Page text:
ORLEANS — The select board and finance committee were set to meet with members of the Nauset Regional School Committee last night (Feb. 3) about the high school building project. In just under two months, voters in the four member towns will be asked in a district-wide election to approve the $132 million effort, for which $36 million in state reimbursement is anticipated.
In the weeks before the March 30 election, Nauset will conduct information meetings via Zoom at 6:30 p.m. every Wednesday night, including project history (Feb. 3), other options (Feb. 10), Education 2050 (Feb. 17 and 24), and school choice (March 3); all will be available for later viewing on cable Channel 22. The Zoom link is zoom.us/j/91924602088/.
The renovation and construction project had its genesis almost a decade ago when Nauset representatives met with leaders in Brewster, Eastham, Orleans, and Wellfleet to review concerns about the aging school in Eastham, now almost a half century old. A consensus emerged to pursue partial state funding through a building project rather than a capital upgrade that would be borne solely by the towns.
Following its review, the Massachusetts School Building Authority said the remade campus should be designed for an enrollment of 900. That appeared to lock in a longstanding Nauset policy to augment the local student body with school choice pupils from other systems. In 2020, according to figures reported by the Brewster Finance Committee, the four Nauset towns provided 67 percent (616 students) of the high school’s enrollment, with 9 percent (86) tuitioned in from Truro and Provincetown and 24 percent (219) through school choice.
The rationale for and consequences of participating in school choice to that extent have taken center stage in discussions of the school project, much to the dismay of supporters concerned about the school’s makeshift classrooms cobbled out of hallways, antiquated and hard-to-access locker rooms, and outdated HVAC systems. They’re also upset that the carefully thought-out education plan for what the school needs to be in the next half century is sinking out of sight.
But for others, the reach for the school of the future is a step too far, especially because it will require the member towns to pay (minus any state subsidy) for a revitalized campus that will serve not only their children but hundreds of students from communities that will make no contribution to retiring that debt. (Districts whose students elect instead to attend Nauset contribute about $5,000 per capita each year to the receiving school).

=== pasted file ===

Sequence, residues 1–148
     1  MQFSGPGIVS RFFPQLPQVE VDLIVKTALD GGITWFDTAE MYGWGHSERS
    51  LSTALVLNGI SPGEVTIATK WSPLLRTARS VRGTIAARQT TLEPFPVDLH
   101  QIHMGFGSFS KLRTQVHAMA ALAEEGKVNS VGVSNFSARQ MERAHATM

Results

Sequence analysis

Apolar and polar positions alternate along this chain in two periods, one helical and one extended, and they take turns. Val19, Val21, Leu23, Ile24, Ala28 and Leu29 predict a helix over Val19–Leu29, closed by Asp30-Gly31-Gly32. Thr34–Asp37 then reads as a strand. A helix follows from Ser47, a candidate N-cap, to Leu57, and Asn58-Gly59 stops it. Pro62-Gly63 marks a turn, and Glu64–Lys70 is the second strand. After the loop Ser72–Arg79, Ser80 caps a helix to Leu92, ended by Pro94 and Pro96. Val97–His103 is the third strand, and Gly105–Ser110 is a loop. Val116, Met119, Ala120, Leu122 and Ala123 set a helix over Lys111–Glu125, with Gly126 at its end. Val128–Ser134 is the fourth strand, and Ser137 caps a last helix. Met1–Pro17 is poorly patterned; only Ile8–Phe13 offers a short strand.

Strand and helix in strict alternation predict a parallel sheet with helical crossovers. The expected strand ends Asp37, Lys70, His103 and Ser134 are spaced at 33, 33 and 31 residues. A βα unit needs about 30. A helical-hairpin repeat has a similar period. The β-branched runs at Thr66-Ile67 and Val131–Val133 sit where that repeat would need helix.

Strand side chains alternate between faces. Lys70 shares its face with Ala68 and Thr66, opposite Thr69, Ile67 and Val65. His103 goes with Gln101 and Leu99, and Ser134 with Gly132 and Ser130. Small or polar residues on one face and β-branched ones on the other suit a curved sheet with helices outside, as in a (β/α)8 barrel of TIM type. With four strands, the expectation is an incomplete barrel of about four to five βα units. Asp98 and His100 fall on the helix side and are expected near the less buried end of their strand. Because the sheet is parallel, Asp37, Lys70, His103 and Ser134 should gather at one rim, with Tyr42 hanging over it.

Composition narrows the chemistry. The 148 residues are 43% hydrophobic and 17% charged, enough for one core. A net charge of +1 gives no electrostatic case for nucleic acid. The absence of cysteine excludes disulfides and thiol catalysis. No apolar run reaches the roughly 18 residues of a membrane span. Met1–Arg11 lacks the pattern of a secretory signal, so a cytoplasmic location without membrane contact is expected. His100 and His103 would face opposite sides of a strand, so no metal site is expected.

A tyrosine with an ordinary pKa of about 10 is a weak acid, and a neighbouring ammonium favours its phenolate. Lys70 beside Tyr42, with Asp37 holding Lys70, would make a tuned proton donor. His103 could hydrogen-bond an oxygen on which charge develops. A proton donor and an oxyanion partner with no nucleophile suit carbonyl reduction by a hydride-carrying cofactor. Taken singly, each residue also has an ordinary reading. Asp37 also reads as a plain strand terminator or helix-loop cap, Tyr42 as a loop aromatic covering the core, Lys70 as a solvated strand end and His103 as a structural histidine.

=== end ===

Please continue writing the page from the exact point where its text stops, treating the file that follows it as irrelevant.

From 1996 through 2003, more students elected to leave the Nauset Regional Schools each year via school choice than were attracted to the system. In 2004, a greater number entered rather than left, a trend that’s continued to this day. The influx peaked in 2018 at 348.9 pupil entering versus just 37.7 departing.
For 2020, Nauset’s numbers were 290.9 in and 40.4 out. That compares with Monomoy’s 269.4 and 162.8, Falmouth’s 170 and 75, Barnstable’s 108.7 and 241.6, and Dennis-Yarmouth’s 99 and 423.9.
Faced with decreasing enrollment, due in large part to a region-wide decline in school-aged children but also to challenges from new public charter schools, Nauset welcomed choice students from other communities to its middle and high schools. At the same time, the system leveraged the increasing numbers to broaden its offerings, adding Advanced Placement courses and eventually an optional International Baccalaureate program. The school’s arts and crafts offerings are wide-ranging and attractive to all varieties of students.
That level of enrollment “allows you enough people and classes such that you can provide a rich arts and sciences program for students,” regional school committee chair Chris Easley told the Brewster Select Board Jan. 25. “It’s one of the main attractions. It’s one reason the school is rated 24th in the state, and (remember that) Massachusetts is number one in the country for education.”
Bob Renn of the Orleans Finance Committee drew other information from the 2020 US News & World Report high school rankings to which Easley referred. In a report to his board, he noted that only two of the other 24 top schools participate in school choice, and at much lower levels. He observed also that 19 of the schools had lower costs per pupil than Nauset’s $20,710.
At the Brewster meeting, Easley said school choice has been “villainized. You have a kid pay $5,000, therefore it’s costing us $15,000. That’s not actual. We all see buses driving around. The expense is the same if one seat or 10 seats are filled. We’ve got the same building, we’ve got to heat it, pay teachers.”
Brewster Select Board member Cindy Bingham, a teacher for 36 years, said she understood school choice as a way to fill empty seats in a classroom. “I don’t think school choice was ever intended to have 200 students come to your school,” she said.
“We have a regional school committee and superintendent who have told us time and again that school choice is integral to the breadth of programming and therefore the success of the region,” her colleague Ben deRuyter said. “What happens if we can’t attract young families with students to the Nauset district? If it’s the school system that is attracting those groups of folks, we need to do everything in our power to continue to make sure it’s the success it’s proven it can be.”
“Ben, I agree with you,” Bingham said. “We do want to attract everyone, but we also have taxpayers in town. We have 33 percent of the population at Nauset High School and will be asked to pay 48.5 percent of the building cost.”
“I’m saying that the differential is an investment in our community,” said DeRuyter. “I’m not saying what’s right or wrong. That’s a choice voters get to make when they go to the polls.”